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Black History Month Research Series

Coping Amidst COVID as BIPOC | February 24, 2022

Although we have learned of the impact of the novel coronavirus (COVID-19) pandemic on BIPOC, we are yet to understand the full extent of the impacts as investigators provide evidence. Rachel Goode presented on the effects of COVID on the specific impact of the pandemic on Black women reporting disordered eating behaviors. This innovative study focuses on the impact of COVID-19 on the eating behaviors of Black women. Anjalee Sharma presented a study that assessed stress, coping, and anxiety among essential workers of color during COVID-19. Specific mechanisms of coping assessed included binge eating and substance use. Other factors assessed included anxiety levels and perceived stress during the pandemic. Sharon Parker presented a qualitative analysis on the impact of COVID-19 and the intimate partner relationships of Black women attending  Historically Black Colleges and a predominately White University in the Southern United States. She explored how COVID-19 impacted partner communication and sexual behavior.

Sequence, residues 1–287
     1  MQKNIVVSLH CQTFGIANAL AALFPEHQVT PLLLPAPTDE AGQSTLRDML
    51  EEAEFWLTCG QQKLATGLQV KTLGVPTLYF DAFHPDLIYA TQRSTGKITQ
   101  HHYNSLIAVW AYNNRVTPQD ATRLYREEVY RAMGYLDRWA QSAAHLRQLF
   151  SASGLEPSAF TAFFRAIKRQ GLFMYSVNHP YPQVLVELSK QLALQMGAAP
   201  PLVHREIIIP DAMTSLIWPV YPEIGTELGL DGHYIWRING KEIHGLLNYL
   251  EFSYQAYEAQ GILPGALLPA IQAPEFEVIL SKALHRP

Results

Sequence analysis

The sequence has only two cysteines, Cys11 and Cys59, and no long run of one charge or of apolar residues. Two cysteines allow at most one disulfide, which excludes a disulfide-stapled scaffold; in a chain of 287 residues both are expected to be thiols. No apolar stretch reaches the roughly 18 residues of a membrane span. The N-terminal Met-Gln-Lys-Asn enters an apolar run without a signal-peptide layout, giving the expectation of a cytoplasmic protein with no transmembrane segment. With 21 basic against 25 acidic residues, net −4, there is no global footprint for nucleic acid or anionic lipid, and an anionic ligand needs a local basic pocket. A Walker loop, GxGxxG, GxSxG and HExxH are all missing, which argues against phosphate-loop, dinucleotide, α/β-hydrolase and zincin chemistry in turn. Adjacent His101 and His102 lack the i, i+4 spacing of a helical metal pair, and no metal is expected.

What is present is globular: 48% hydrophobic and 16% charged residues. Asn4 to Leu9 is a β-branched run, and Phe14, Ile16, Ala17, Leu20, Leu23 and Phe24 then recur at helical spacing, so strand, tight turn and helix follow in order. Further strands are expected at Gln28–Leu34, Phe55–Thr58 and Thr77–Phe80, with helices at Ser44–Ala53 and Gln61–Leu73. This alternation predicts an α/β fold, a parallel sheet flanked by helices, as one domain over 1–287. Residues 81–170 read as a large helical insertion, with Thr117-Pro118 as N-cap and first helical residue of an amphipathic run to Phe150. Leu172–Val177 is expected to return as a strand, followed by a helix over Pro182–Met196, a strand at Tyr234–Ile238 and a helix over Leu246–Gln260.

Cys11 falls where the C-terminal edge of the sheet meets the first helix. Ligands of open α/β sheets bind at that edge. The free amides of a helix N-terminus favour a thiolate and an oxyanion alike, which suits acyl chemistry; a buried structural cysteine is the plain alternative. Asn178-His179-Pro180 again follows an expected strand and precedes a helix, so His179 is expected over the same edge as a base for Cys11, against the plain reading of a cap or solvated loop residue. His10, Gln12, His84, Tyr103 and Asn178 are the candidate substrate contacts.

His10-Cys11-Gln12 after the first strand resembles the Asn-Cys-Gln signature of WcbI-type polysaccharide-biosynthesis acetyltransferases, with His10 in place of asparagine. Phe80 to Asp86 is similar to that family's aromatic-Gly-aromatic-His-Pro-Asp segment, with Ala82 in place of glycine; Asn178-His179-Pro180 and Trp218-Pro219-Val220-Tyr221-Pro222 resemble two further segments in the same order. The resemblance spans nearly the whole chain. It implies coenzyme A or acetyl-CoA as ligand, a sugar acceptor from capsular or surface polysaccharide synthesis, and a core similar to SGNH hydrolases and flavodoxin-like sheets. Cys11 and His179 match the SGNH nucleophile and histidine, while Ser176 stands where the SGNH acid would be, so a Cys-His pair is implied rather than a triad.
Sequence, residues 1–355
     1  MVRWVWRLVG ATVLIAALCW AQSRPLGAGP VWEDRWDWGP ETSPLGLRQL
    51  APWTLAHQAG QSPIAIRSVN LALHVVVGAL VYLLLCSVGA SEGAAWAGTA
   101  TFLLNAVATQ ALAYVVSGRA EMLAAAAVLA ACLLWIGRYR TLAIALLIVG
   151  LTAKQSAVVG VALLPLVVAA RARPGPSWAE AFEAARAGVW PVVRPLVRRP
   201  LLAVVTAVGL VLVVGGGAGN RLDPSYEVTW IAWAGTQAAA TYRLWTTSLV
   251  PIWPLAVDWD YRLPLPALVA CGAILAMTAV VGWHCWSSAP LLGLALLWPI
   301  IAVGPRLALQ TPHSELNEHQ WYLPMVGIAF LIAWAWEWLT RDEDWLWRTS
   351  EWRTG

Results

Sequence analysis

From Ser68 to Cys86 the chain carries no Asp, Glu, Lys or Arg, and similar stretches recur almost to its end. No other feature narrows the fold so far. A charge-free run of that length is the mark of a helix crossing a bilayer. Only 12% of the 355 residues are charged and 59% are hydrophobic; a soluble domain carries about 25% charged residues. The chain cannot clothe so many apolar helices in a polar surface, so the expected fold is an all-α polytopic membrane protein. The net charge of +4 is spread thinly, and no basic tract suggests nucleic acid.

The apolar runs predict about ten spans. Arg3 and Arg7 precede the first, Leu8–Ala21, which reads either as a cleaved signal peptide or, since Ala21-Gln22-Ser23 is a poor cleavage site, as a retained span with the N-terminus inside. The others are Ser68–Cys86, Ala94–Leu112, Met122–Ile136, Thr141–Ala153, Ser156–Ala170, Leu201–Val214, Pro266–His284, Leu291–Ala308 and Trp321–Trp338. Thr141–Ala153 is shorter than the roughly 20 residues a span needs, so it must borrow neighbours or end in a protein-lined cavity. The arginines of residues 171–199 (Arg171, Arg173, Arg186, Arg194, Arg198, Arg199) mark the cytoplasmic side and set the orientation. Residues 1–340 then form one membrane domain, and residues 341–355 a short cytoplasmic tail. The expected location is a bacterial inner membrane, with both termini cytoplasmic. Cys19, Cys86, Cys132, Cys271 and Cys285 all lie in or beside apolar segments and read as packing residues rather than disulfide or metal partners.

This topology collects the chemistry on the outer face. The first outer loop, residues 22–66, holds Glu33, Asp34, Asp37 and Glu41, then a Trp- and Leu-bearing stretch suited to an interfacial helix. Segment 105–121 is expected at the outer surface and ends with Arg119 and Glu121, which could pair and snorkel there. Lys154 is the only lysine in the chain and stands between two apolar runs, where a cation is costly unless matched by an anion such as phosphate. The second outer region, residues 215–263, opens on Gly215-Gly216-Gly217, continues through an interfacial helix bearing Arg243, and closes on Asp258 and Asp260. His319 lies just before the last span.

Watch the recorded 1-hour panel presentation and discussion here.


Measurement in Research, using an Anti-Racism Framework | February 17, 2022

Measurement in research is critical as it lays the foundation for a more accurate understanding of the magnitude of a phenomenon, the impact of an intervention, or other causal relationships that will translate into practice models and policies that have real-life implications on people’s lives. In this panel, Kirsten Kainz provided a brief review of recommendations for social science measurement from the National Research Council (2011) and repositioned those recommendations within a systems science worldview for the purpose of proposing anti-racist measurement practices. Underlying the presentation was the assumption that not all system science is anti-racist, but anti-racist science requires systemic framings.  Melissa Villodas presented a study that used exploratory and confirmatory factor analyses to investigate the empirical and theoretical meaningfulness of the modified Neighborhood Cohesion Index within a population of African American youth living in public housing. Michael Lambert presented the theoretical and empirical methods of item response theory (IRT), which can permit antiracist measurement across different socio-ethnic groups. A set of critical questions to guide anti-racist measurement practice were discussed.

Watch the recorded 1-hour panel presentation and discussion here.